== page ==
Collect from different sources convert unstructured to structured enrichment and filtering multiple destinations like database or cloud services
Started in 2015 Origins lightweight log processor for embedded space Ended up being used in cloud space Written in C Low mem and CPU Plugable arch input -> parser -> filter -> buffer -> routing -> output
Unstructured to structured Metadata Can add tags to date on input, use it later for routing
Perform processing while the data is still in motion Faster data processing in Memory No tables No indexing Receive structured data, expose a query language Nomally done centrally
Doing this on the edge
Offload computation from servers to data collectors Only sends required data to the cloud Use a SQL-like language to write the queries Integrated with fluent core
Aggregation functions Time funtiocs Timeseries functions You can also write functions in Lua
Also exposed prometheus-type metrics
The History of X: Lessons for Software Freedom – Keith Packard
1984 – The Origins of X
Everything proprietary Brian Reid and Paul Asente: V Kernel -> VGTS -> W window system Ported to VAXstation 100 at Stanford 68k processor, 128k of VRAM B&W Bob Scheifler started hacking W -> X Ported to Unix , made more Unix Friendly (async) renamed X
Unix Workstation Market
Unix was closed source Vendor Unix based on BSD 4.x Sun, HP, Digital, Apollo, Tektronix, IBM this was when the configure program happened VAXstation II Color graphics 8bit accelerated Sun 3/60 CPU drew everything on the screen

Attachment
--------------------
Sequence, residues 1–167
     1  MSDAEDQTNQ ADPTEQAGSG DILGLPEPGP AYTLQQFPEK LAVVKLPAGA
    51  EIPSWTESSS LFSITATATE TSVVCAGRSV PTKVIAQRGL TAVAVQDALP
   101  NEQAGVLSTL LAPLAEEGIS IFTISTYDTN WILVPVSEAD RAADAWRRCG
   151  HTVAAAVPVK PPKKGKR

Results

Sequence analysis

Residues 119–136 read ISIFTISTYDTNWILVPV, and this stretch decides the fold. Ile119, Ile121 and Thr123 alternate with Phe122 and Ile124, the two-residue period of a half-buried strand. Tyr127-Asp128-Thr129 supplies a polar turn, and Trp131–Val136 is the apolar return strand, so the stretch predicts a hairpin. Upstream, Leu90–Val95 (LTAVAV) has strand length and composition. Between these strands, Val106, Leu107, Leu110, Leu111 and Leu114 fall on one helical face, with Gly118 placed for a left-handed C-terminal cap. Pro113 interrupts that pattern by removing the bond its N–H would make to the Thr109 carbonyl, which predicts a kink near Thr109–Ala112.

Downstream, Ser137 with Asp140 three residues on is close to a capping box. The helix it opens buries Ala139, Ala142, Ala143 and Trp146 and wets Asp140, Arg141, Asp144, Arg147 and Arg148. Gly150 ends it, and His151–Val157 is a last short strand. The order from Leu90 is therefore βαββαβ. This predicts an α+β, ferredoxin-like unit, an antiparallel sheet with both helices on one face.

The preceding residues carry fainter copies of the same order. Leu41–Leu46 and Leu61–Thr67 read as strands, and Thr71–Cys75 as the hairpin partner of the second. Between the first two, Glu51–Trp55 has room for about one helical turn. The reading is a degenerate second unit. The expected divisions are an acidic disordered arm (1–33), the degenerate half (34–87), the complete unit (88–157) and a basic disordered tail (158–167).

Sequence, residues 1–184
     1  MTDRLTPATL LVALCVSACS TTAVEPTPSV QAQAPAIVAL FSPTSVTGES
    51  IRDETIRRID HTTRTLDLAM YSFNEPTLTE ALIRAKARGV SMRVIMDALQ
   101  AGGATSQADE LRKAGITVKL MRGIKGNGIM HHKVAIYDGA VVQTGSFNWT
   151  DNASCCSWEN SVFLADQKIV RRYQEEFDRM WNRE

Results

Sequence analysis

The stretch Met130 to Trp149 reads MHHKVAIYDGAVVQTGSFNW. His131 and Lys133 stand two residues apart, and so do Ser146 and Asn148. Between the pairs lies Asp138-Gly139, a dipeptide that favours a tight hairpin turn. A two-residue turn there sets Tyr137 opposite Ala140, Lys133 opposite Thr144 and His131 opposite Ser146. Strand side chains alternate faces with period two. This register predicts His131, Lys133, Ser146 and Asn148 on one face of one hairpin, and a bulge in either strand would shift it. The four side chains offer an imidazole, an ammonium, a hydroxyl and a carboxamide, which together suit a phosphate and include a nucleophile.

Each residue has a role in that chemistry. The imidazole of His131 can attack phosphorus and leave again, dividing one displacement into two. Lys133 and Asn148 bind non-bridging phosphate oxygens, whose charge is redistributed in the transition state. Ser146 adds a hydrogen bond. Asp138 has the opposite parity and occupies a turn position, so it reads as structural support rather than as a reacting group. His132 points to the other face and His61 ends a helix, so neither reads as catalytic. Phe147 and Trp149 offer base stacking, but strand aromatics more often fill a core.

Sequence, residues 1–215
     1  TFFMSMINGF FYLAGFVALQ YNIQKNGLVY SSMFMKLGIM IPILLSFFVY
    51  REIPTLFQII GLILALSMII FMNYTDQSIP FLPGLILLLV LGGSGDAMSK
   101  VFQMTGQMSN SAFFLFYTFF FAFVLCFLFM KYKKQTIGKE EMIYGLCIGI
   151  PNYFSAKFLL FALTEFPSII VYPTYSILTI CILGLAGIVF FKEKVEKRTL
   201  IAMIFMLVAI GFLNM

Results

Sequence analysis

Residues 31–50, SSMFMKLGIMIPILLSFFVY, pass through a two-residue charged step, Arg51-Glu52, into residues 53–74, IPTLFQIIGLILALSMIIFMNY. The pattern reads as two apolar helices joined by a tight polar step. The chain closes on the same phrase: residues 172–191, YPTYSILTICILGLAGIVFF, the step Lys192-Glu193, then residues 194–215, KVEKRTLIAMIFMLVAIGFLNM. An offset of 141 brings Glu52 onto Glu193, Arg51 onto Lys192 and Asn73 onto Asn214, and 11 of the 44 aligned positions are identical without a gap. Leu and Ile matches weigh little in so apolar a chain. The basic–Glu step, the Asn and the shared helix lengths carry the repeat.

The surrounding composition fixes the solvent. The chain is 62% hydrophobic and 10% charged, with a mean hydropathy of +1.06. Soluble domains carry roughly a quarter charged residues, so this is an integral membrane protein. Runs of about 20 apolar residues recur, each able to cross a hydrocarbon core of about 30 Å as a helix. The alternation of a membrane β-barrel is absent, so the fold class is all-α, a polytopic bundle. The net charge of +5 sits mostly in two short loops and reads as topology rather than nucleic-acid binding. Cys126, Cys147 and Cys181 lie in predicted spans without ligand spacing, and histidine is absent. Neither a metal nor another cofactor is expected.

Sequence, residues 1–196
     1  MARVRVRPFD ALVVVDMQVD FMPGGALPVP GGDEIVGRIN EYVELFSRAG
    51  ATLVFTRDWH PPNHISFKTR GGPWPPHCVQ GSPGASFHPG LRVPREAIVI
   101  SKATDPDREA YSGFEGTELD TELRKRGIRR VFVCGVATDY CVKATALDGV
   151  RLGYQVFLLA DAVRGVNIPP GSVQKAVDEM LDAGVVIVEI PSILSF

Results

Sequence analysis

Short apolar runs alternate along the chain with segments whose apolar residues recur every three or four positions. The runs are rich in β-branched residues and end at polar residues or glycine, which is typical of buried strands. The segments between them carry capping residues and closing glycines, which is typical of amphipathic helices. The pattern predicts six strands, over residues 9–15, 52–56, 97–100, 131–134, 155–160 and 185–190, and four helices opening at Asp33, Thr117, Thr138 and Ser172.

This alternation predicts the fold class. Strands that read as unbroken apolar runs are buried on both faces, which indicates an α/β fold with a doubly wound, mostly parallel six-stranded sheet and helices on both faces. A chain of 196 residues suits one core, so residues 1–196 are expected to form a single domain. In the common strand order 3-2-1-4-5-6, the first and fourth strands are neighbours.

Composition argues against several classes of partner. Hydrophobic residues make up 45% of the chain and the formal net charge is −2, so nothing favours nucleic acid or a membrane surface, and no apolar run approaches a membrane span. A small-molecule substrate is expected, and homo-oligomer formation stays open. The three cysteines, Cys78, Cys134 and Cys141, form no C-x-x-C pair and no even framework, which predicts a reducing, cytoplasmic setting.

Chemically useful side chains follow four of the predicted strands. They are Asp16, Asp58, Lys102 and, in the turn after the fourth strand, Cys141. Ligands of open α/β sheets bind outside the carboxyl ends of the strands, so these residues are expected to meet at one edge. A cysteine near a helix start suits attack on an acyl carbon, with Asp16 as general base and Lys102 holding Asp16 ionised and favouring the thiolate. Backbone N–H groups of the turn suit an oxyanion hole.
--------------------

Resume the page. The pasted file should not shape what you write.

Early Unix Window System – 85-86
SunView dominates (actual commerical apps, Ddesktop widgets) Digital VMS/US Apollo had Domain Tektronix demonstrated SmallTalk all only ran on their own hardware
X1 – X6
non-free software Used Internally at MIT Shared with friends informally
X10 – approx 1986
Almost usable Ported to various workstations Distribution was not all free software (had bin blobs) Sun port relied on SunView kernel API Digital provided binary rendering code IBM PC/RT Support completed in source form
Why X11 ?
X10 had warts rendering model was pretty terrible External Windows manager without borders Other vendors wanted to get involved Jim Gettys and Smokey Wallace Write X11, release under liberal terms Working against Sun Displace Sunview “Reset the market” Digital management agreed
X11 Development 1986-87
Protocol designed as croos-org team Sample implementation done mostly at DEC WRL, collaboration with people at MIT Internet not functional enough to property collaborate, done via mail Thus most of it happened at MIT
MIT X Consortium
Hired dev team at MIT Funded by consortium Members also voted on standards Members stopped their on develoment Stopped collaboration with non-members We knew Richard too well – The GPL’s worst sponsor Corp sponsors dedicated to non-free software
X Consortium Standards
XIE – X Imaging Extensions PIX – Phigs Extension for X LBX – Low Bandwidth X Xinput (version 1)
The workstation vendors were trying to differentiate. They wanted a minimal base to built their stuff on. Standard was frozen for around 15 years. That is why X fell behind other envs as hardware changed.